The marriage vow that commits spouses to love one another for better or for worse, till death parts them, has remained unedited, and therefore undisturbed, for decades.
But a new trend is rocking the love boat — in a very tragic manner.
It involves spouses killing their partners, or paying criminals large sums of money to kill them, and for all manner of reasons.
Recent such cases have been attributed to, among others, fights over property, drug abuse, and infidelity.
These, as criminal division judge Roselyn Korir points out, are not just random acts of crime, but proof that “domestic violence continues to be a problem in Kenya today, as evidenced by increasing number of reported cases and murder cases ending in our courts”.
The violence, however, is getting more vicious, as the case against Boniface Litunya Owendo, which elicited Justice Korir’s reaction, illustrates.
Litunya was recently found guilty of dousing his wife, Mueni Syombua Munuve, with paraffin, on November 19, 2010, at their house in Njiru estate in Nairobi before setting her ablaze.
She died shortly afterwards, and Litunya will spend the rest of his life in prison for that. His wife had accused him of having an extra-marital affair.
While judging Litunya on January 30 this year, Justice Korir suggested that “it’s time relevant institutions of government, non-state actors, community and religious organisations, among others, took up the challenge and urgently devised interventions aimed at stemming the unlawful loss of life in families through domestic violence”.
Criminal lawyer John Swaka says the most common ways of eliminating spouses have been in the heat of the moment, where a knife or a blunt object that is readily available in the house is used to either kill instantly or cause serious harm leading to death after a short while.
Armed spouses in this category often use their guns to kill their partners.
The other common way has been calculated elimination, where spouses hire hit squads so that they do not incriminate themselves, and for the murder to appear like an accident or a non-targeted crime.
“The problem is that there is nothing like a perfect murder,” says Mr Swaka. “There will always be some traces and evidence pointing towards the guilty spouse. If there were a perfect murder, we would not be having murder cases involving spouses being brought to court as we have today.”
That is what happened in the case against Sheila Wanjiku Kibinge, a Kenyan businesswoman based in the US who was last July sentenced to death after High Court Judge Jessie Lessit found her guilty of planning the killing of her husband.
Leonard Kibinge Kiruri was killed on the night of April 14, 2014, at Gitaru village in Kikuyu Sub-county within Kiambu, and Justice Lessit observed that Wanjiku was with her husband in their car.
However, she claimed that she was awoken by a gunshot. She turned to see her husband’s head leaning on the steering wheel, she said, after which she fled.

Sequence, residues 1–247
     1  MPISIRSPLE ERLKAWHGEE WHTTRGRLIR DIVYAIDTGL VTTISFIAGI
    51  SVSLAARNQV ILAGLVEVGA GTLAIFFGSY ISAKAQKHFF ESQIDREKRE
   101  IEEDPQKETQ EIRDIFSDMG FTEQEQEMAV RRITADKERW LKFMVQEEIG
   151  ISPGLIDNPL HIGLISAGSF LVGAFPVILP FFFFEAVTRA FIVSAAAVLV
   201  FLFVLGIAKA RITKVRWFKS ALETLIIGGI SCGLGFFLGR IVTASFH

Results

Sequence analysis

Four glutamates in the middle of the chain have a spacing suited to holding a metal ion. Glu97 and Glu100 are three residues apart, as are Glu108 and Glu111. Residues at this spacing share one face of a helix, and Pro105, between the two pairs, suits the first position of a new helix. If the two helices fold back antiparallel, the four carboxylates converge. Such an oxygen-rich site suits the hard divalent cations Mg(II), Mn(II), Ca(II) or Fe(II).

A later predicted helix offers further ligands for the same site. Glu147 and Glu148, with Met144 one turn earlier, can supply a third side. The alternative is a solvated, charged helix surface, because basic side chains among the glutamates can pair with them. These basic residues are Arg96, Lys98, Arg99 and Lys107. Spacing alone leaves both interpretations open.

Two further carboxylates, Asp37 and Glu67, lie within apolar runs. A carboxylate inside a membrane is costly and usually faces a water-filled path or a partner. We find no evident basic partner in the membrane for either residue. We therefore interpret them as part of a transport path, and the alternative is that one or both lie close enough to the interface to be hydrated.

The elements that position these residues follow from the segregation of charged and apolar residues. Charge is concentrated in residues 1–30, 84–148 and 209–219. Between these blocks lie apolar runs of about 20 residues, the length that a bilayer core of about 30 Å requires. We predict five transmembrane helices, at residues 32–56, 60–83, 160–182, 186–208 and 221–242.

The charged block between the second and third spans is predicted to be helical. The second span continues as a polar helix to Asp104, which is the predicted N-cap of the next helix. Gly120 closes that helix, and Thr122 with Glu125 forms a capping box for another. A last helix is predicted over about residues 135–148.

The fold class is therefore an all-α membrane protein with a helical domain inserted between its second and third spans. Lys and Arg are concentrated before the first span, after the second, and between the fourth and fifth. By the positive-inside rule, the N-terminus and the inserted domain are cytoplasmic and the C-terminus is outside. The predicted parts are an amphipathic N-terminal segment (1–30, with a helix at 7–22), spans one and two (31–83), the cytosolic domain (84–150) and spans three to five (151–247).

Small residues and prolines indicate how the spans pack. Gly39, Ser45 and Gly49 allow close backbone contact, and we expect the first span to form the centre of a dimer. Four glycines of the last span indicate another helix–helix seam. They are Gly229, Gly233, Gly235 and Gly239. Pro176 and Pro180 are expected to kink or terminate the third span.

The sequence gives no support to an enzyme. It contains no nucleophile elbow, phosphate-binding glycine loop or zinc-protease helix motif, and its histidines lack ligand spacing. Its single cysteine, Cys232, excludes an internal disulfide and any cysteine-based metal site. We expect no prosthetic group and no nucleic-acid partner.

“I find that the accused’s decision to walk away from the scene without finding out what had happened to her husband, or whether he was okay, to be a very unnatural reaction,” said Justice Lessit, in the July 20, 2017 judgment,.
Wanjiku had initially told the police that she and her husband were carjacked as they headed home, and that it was the kidnappers who killed her husband. The judge dismissed the claim.
The prosecution had told the court that the motive of the offence could have been a tussle over land situated in Mtwapa, which had been sold by the husband.
Lawyer Catherine Mwaniki of the Office of the Director of Public Prosecutions, argued that even where postmortem exams fail to link a person to the murder of their spouse, investigators will still look into whether there was negligence on the part of the accused.
“Investigations will still seek to establish whether by failing to act in a particular way, say rush the seriously injured spouse to hospital, such a conduct led to the death of spouse,” said Ms Mwaniki.
This mainly applies where the two were alone, say in the house, and the partner was the only person in a position to help. Such a duty to act may, however, not apply in case of a road accident.
Further, in obvious cases, such as where it is evident that a spouse has chopped off the head of the other using a panga, then even when the postmortem exam fails to establish cause of death, the prosecution will still prefer murder charges against the accused.
Ms Mwaniki elaborated on these scenarios on Monday before Justice Luka Kimaru while explaining the various leads the police are looking into before deciding on what charges to prefer against Dr Fredrick Ogola, a Strathmore University lecturer who was arrested on January 1 in connection with the death of his wife, Margaret Gobi Mwachongo, at their Lavington home, Nairobi, on December 31.